The theme of this post is: it is unlikely that the production of oil and natural gas will peak in the next half century because an upward shift of the demand curve will likely offset any downward shift in the supply curve. The net effect will be a slight increase in oil prices, but largely no change in the rate of production of conventional+unconventional oil. There are plenty of economically-recoverable hydrocarbons reserves available for us to use in our power plants and transportation vehicles. And given that the use of gasoline currently has more benefits on average than environmental costs, I am led to the conclusion that it is unlikely that there will be a sharp decrease in the production of oil unless we invent a technology can achieve higher rates of return on investment than oil in all its diverse applications, such as cars, trains, planes and the production of plastics.
Those people who are making peak oil a big deal on the internet generally fall into one of the following camps:
1) Energy insiders like the former Matthew Simmons, who are pessimistic by nature (and tend to forget either about technology advancement, growth in demand, or the fact that proved oil reserves increase when the price of oil increases.)
2) Those who want us to stop using fossil fuels regardless of whether there is peak oil. This group is a) typically concerned about the environmental impact of fossil fuel use, b) probably unaware of the short-term positive economic impact of CO2 emissions, and c) possibly just anti-technology.
3) Those people who look at data from today's well, and conclude that decreasing oil output from many of today's wells implies the onset of peak oil in the near future.
When you take a step back from the peak oil paranoia and take a look at the data available on oil production and proved reserves, you can take deep sigh of relief. There's plenty of proved global reserves to meet current global consumption for the next 50 yrs. Now, this isn't to say that there won't be peak oil production for individual wells or for individual countries, it's just that there is plenty of global proved hydrocarbon reserves to supply today's demand for the next 50 years. And interestingly, global proved hydrocarbon reserves are increasing with time...not decreasing.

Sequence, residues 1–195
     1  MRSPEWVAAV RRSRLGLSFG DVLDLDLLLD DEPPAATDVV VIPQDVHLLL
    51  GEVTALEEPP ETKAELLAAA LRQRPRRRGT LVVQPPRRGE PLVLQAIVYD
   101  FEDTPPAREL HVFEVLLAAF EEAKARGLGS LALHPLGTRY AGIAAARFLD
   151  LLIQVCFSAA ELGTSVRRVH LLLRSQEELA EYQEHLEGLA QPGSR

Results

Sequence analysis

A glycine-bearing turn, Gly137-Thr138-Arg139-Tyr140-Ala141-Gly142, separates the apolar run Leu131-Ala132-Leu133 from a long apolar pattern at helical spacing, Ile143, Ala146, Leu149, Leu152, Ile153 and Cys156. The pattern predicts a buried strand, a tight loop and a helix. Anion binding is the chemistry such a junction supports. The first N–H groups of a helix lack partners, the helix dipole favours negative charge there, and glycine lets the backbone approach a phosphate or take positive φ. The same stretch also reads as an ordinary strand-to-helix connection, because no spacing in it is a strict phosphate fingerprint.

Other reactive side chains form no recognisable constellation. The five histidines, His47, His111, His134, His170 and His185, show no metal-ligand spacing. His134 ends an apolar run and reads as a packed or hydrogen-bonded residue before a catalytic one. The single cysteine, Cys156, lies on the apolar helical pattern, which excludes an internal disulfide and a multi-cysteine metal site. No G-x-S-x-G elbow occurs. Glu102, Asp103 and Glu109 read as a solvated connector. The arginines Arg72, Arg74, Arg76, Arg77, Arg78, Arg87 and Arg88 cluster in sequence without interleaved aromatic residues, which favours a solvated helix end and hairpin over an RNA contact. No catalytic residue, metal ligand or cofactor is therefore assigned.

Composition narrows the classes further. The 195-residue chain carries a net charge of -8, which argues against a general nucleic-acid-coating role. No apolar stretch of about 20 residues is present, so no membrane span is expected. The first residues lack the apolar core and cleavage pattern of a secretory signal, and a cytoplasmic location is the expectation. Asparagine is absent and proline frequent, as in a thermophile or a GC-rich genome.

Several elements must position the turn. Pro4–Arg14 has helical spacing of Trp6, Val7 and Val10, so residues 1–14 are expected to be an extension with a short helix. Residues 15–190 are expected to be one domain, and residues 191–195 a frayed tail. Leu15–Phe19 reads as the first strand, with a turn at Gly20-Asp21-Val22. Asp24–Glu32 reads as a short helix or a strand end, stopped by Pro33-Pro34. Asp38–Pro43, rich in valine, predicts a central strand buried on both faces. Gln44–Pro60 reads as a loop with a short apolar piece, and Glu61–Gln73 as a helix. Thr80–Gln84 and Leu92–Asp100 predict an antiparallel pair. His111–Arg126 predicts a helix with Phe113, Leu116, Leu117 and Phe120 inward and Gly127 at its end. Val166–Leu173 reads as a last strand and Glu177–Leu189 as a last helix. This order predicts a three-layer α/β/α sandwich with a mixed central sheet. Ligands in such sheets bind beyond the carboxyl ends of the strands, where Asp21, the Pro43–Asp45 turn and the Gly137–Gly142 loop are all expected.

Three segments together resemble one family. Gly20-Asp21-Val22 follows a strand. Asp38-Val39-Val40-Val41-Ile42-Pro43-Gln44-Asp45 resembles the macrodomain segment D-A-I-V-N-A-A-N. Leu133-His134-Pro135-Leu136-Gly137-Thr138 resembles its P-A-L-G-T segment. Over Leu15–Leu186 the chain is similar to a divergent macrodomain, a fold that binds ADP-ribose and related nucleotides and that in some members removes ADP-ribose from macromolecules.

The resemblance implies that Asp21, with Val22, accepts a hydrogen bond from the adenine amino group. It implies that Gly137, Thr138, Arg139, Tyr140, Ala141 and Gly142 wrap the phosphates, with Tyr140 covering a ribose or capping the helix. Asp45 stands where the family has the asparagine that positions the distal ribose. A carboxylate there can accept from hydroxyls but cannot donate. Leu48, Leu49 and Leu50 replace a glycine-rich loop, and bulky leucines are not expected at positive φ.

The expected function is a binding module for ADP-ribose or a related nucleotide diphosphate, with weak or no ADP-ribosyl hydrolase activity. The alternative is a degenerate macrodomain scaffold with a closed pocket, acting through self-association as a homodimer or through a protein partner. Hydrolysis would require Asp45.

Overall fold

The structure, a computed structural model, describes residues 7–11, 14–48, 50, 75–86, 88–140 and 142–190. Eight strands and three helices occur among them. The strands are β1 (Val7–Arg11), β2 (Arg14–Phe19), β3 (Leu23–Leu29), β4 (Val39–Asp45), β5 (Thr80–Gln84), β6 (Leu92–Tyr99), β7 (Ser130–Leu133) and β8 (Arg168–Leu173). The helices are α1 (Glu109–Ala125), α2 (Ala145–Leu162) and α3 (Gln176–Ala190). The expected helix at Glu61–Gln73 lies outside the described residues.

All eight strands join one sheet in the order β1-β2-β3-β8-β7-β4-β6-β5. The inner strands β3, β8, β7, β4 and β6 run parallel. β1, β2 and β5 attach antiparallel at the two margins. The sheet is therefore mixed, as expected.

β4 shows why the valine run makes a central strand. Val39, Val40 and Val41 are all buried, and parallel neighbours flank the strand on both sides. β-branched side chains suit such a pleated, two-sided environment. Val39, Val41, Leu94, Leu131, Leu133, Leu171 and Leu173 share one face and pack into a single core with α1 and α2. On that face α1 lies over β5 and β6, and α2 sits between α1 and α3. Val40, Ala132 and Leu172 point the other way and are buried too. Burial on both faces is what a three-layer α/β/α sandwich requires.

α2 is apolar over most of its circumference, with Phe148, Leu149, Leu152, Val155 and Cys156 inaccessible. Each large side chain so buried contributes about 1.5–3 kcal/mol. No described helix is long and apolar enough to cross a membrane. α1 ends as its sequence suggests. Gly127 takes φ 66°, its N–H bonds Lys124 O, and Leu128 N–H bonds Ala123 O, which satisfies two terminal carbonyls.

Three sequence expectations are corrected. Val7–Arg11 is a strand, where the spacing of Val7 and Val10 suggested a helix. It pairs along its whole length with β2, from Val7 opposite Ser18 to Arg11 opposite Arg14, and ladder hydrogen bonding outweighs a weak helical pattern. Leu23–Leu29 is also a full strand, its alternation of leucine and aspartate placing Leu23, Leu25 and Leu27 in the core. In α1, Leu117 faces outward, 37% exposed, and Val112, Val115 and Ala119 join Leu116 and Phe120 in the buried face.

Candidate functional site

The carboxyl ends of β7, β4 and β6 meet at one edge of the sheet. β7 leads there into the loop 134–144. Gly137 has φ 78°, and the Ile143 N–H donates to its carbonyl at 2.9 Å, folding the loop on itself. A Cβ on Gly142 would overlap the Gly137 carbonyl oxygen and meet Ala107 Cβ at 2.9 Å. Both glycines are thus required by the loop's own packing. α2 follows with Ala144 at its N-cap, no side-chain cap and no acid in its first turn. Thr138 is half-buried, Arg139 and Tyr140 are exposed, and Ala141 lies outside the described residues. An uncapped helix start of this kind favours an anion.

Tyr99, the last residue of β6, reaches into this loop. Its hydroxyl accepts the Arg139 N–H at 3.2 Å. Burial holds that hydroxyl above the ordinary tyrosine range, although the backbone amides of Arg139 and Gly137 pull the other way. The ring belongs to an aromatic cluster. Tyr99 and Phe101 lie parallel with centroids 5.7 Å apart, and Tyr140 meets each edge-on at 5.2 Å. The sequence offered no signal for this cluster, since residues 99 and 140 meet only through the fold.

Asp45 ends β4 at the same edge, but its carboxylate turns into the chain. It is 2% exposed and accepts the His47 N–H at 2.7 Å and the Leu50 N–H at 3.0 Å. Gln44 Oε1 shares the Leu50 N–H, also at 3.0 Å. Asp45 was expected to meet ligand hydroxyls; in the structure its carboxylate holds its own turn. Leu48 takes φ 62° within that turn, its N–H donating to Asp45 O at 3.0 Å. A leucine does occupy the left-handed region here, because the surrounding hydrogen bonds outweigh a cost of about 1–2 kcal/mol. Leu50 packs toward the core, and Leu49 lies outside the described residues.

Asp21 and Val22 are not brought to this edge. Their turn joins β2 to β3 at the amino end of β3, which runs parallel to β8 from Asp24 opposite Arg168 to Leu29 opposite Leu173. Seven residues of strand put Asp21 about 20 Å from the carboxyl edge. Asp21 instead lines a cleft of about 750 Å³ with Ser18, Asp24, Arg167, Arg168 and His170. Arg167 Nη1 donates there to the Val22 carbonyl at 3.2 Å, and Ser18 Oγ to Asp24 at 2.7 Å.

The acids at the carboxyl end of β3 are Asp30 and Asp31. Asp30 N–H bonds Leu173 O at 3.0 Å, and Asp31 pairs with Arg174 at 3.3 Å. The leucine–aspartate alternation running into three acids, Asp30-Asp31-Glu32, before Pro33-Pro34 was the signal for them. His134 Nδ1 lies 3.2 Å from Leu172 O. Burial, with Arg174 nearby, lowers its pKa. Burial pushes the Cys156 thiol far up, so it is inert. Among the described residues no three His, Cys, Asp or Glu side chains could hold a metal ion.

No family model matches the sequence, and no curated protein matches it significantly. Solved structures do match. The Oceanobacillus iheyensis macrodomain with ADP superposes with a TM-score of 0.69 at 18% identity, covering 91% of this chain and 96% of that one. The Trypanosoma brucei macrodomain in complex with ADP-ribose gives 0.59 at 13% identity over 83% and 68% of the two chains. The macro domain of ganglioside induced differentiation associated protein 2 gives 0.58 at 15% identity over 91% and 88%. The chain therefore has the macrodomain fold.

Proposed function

If you look at any one well, or even the output from whole countries, like the Mexico & England, there is often a peak in oil production. And this can have significant effects on the economy in those countries, but not on the overall global growth rate. It's important to focus on global statistics when making predictions about peaks in global production of oil. For example, as Saudi Arabia developed its oil fields in the 1950s and 1960s, they were able to produce oil cheaper than most oil produced in the US. So, the production of oil in the US reached a local maximum in 1970, even though there were and still are plenty of hydrocarbon reserves in the US. And now that the price of oil is significantly higher than the 1990s, production of oil in the US once again increasing.
The question is: what would cause the overall production of oil to peak?
Answer: a downward shift in both the supply and demand curves. Below are the reasons why I don't expect to see a downward shift in both the supply and demand curve.
1) I expect the demand curve for oil to increase because I expect society to grow. The reason I expect society to grow is that we have the capability of building new electricity generating power plants in the US and China that can achieve >20%/yr rates of return on investment (coal power plants in China and natural gas combined cycle plants in the US.) In the US, we could still achieve ~20%/yr RROI even if the power plants have to pay between $15 and $30 per ton of emitted CO2. So, I expect to see the global GDP continue its trend of 2-4%/yr grow in GDP and this will shift up the demand curve for oil.
2) I expect that there will be a slow gradual shift from oil to electricity in some personal vehicles, but that this trend will not over take the upward shift in the demand curve due to growth. There will still be applications that demand oil rather than electricity, such a aircraft, long-haul trucks, trains, and the production of plastics.
3) While I expect to see the supply curve for light-sweet crude oil to shift downward as we tap the conventional sources of oil, I expect to see the supply curve for unconventional sources of oil (or oil-like products) to increase. Unconventional sources include natural gas liquids from tight sand formations, tar sands, heavy/sour oil reserves, and deep offshore reserves. Overall, though, when you include the fact that these unconventional sources of oil are more expensive on average, I expect to see a slight downward shift in the supply curve. (Supply vs. production rate curve probably will shift downward)